Two gynecological practices can file a second amended complaint against cosmetic laser maker Cynosure, a Boston federal judge ruled Thursday, directing them to include more specific information about how the company allegedly duped them into buying its MonaLisa Touch product by marketing it for so-called “vaginal rejuvenation.”
A Texas appellate court axed about $45 million of a jury award stemming from a dispute between business partners who planned to buy oil and gas leases and flip them for a profit, holding there wasn't enough evidence to show an actual partnership between the members or a conspiracy to cut some out of the deal.
A New York state appeals court revived a $58 million lawsuit by a Russian auto sales company against a former banker on Thursday, saying a Manhattan judge was wrong to find that a related case in federal courts had addressed the same issues.
Entrepreneur Shmuel "Sam" Sherman told a Manhattan federal jury Thursday that rival Drew Gainor poached his software allowing resale brokers to automatically reprice their tickets, arguing that Gainor should pay damages for conduct giving him unfair advantage in a multibillion-dollar market.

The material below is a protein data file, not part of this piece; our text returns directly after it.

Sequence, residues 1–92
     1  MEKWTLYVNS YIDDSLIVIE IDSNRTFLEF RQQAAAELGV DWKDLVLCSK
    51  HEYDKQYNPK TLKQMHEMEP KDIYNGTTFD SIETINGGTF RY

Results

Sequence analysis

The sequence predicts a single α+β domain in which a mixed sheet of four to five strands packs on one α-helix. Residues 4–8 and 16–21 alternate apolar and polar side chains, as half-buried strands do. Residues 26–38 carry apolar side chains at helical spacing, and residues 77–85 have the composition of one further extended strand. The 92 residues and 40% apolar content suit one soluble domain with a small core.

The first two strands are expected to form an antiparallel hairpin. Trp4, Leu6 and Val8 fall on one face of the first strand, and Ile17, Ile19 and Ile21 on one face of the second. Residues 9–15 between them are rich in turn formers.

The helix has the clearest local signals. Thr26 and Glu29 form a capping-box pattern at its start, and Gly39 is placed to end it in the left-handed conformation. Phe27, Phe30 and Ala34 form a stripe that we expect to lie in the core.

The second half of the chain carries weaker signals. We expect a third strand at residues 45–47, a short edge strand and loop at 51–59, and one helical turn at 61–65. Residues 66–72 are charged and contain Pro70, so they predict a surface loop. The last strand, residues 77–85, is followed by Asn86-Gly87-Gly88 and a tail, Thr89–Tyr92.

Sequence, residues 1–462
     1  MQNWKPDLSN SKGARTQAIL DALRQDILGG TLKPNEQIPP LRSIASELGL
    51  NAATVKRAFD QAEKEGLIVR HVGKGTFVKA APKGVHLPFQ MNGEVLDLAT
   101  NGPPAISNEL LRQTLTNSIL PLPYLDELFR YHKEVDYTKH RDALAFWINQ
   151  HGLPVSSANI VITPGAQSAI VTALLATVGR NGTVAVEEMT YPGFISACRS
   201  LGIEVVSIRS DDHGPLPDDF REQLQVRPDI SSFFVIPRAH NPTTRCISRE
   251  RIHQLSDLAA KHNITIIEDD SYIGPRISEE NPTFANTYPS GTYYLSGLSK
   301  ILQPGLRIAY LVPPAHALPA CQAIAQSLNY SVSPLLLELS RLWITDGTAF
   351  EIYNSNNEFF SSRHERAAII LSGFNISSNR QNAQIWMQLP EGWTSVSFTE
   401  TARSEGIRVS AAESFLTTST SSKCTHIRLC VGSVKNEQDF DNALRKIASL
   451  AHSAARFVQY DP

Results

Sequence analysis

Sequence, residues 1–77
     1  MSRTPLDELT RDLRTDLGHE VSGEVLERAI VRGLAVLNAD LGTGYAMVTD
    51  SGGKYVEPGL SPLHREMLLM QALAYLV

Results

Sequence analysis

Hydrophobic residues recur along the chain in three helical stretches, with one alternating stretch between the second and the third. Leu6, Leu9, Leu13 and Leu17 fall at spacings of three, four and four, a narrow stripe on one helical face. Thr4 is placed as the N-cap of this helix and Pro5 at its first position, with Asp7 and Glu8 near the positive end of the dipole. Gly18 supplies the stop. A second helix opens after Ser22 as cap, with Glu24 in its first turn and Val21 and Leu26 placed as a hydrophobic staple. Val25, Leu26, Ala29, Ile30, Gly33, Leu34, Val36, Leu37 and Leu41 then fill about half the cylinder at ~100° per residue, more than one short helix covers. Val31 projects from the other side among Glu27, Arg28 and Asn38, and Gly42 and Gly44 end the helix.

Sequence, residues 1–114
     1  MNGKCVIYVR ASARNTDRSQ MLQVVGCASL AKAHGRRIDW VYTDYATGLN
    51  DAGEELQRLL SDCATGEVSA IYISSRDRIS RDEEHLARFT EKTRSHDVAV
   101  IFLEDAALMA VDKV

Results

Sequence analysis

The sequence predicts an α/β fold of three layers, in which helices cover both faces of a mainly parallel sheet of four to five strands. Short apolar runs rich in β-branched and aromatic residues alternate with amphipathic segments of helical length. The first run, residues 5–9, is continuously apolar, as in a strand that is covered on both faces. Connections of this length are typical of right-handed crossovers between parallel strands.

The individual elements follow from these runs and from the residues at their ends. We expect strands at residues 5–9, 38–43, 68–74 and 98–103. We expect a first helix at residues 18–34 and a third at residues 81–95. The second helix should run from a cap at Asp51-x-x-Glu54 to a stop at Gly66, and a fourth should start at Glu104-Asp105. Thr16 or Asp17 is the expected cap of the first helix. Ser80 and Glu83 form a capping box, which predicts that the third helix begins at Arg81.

Travelers acted reasonably when it initially refused to reimburse a pipe manufacturer for attorneys' fees linked to a Canadian lawsuit over allegedly defective water pipes, a Washington federal judge said Thursday.
A government contractor is suing a veteran-owned business in Florida state court for allegedly taking money from an escrow account tied to a Veterans Administration deal and then disparaging the contractor, causing it to lose another lucrative VA contract.
The franchise owner of nine closed Dickey's barbecue restaurants urged a California federal court Wednesday to stop the chain from forcing him into arbitration over whether he breached his franchise agreements by closing the eateries, saying the arbitration provisions are unenforceable.